At first glance, restorative yoga appears to have its value as a place of rest. Being very active in modern life, we experience less rest, and so to rest more in restorative practices seems to be a worthy task. But “real yoga” is popularly sensed to be a far more active yoga that increases muscular strength, flexibility and balance. In fact, this more active yoga is popularly thought of as “restorative yoga” because it aspires to “restore” flexibility, integrative muscular/skeleton balance and alignment and “tone” that diminish without attention. The eased, often supported poses that are coming to be termed “restorative yoga” can appear to be more of an in-between break from these goals, before returning to more active “restorative” poses. From this perspective, most restorative poses appear to be a variation of savasana—a pose of complete relaxation—that ends most yoga sessions. And practice of a sequence of restorative yoga can be relegated to being a form of yoga for those who cannot yet do “real” yoga or as an occasional “time-out” retreat rather than as a regular practice.
However, the active, yet “amped-down” yoga practices that almost look as if one is doing next-to-nothing, can be used to restore or refresh body, mind and spirit to a degree that more active practices that constructively use the physical stress of muscular tension may not match. Restorative yoga aspires to be an “active” practice of yoga. Restorative yoga is physically active, not a stage of passive rest in between activity, and yin yoga with supports adds a slight increase in activity. Practitioners who might not attend a restorative session because it is not “active” can miss an important physical and mental activity that is really not matched in yoga practices that concentrate on muscular activity. Restorative poses are held longer—five minutes up to perhaps 20 minutes with a few poses. The muscles are relaxed, but the locus of active work is on connective tissue. And the addition of a sub-specialty—a yin yoga focus—increases the “active” element by focusing on large regions of connective tissue in the lower back and hips. By increasing a slight yin yoga emphasis, it is possible to transform a restorative-yin practice to a yin-restorative practice, that can even shift further to become primarily a yin practice.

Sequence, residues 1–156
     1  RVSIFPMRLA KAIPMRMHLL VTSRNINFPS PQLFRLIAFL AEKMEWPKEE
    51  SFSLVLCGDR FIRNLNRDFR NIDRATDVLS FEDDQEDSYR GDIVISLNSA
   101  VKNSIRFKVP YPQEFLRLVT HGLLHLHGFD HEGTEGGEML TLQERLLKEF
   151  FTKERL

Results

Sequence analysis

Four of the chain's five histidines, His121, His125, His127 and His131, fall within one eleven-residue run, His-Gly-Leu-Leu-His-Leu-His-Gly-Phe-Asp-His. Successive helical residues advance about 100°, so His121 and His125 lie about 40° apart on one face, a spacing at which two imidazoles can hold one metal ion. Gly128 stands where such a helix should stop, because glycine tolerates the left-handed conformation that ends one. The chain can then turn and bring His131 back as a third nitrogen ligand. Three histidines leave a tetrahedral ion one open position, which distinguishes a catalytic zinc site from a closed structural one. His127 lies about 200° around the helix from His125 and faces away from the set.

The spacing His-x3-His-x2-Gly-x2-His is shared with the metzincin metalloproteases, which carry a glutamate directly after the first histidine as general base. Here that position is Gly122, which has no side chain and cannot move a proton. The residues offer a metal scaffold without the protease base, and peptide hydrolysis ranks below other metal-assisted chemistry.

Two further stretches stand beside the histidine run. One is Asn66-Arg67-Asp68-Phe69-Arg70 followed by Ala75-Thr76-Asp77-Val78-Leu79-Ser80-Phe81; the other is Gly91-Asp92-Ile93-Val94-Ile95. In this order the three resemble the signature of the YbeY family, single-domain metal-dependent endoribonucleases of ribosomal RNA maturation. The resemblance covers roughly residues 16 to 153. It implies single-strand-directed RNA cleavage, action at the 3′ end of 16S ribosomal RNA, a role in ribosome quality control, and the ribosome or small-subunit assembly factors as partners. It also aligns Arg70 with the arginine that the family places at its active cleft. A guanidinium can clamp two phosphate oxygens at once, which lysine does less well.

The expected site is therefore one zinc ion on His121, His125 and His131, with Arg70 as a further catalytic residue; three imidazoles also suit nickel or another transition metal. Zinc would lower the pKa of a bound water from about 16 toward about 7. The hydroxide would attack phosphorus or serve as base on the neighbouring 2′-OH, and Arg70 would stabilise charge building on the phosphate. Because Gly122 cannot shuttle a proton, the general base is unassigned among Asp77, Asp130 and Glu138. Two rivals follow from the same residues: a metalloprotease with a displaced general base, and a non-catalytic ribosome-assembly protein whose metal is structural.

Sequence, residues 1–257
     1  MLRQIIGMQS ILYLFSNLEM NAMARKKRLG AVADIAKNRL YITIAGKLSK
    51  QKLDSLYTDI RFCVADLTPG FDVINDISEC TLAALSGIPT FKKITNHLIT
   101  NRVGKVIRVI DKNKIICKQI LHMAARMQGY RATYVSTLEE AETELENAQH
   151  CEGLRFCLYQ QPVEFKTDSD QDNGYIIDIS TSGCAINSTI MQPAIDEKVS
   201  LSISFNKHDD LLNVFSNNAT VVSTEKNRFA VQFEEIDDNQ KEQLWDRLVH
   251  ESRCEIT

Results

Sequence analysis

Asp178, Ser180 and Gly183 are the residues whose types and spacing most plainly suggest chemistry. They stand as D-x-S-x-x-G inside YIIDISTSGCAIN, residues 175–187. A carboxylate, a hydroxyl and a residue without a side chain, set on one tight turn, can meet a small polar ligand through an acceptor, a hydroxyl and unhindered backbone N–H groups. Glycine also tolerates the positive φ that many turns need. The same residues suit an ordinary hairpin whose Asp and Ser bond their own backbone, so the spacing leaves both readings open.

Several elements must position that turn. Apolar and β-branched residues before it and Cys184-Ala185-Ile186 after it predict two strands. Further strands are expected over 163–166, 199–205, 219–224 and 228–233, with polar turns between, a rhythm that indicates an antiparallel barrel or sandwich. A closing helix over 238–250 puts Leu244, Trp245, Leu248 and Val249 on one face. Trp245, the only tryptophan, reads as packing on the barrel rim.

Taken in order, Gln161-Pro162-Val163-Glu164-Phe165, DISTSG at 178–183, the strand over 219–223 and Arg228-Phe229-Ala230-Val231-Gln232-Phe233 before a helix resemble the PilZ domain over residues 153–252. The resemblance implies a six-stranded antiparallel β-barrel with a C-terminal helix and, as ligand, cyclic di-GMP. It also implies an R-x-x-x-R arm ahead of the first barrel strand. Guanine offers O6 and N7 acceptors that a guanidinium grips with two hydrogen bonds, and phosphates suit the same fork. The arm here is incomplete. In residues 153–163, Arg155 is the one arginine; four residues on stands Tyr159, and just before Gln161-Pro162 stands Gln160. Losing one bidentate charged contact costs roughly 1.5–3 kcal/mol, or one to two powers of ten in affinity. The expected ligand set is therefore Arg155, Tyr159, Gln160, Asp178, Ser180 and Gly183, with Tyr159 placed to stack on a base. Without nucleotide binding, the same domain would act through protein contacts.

Restorative practices can amplify mental activity that can become obscured in popular yoga practices, where it can even be difficult to bring attention to the breath without having an extensive history of practicing yoga. The longer-held poses of both restorative and yin yoga can offer an important opportunity to not simply relax, but to listen to the wisdom of the body. Ultimately, yoga likely emerged as an effort to integrate the body and mind and spirit rather than as either a “spinal callisthenic” or a push toward uber-fitness. From the start, restorative yoga aspires to go to the multifold heart of yoga. The supports used in restorative yoga are not for external support, but rather to reduce body activity for deeper connection, for a “grounded-ness” that brings attention to breath and to mindfulness of sensory experience that is difficult to maintain with the attention needed in more active poses to maintain balance or work at the “edge” of one’s flexibility.
With regular practice, this attentionality can open experiences that may appear, at first, to be esoteric or spiritual, and impractical. The “practical benefits” of yoga have always aspired to serve something far beyond fitness—to optimize life as-it-is rather than transcend it. In Yin Yoga [p.80], Paul Grilley suggests that historically, the yin concentration on the connective tissue of the lumbar and hip region was likely emphasized as an objective to increase the flexibility of this region to reduce the stagnation of chi and blood to serve the goal of increasing the effectiveness of upright, seated meditation. Historically, the goal of asanas (poses) served a broad, multifold objective of enhancing dhyana (meditation) to step beyond care of the body or simply a psychologically calm mind, to address a larger spiritual goal of union with the universe (samadhi). But even samadhi experience must be capable of returning from the isolated pinnacle to everyday life to be authentic. Characteristics associated with “spiritual persons” have more to do with attributes such as humor than piety, or with integration into life as-it-is rather than exclusiveness, or with “sacredness” being present in the ordinary rather than restricted to being special and isolated. And these subtle benefits directly affect physiology, psychology and social life.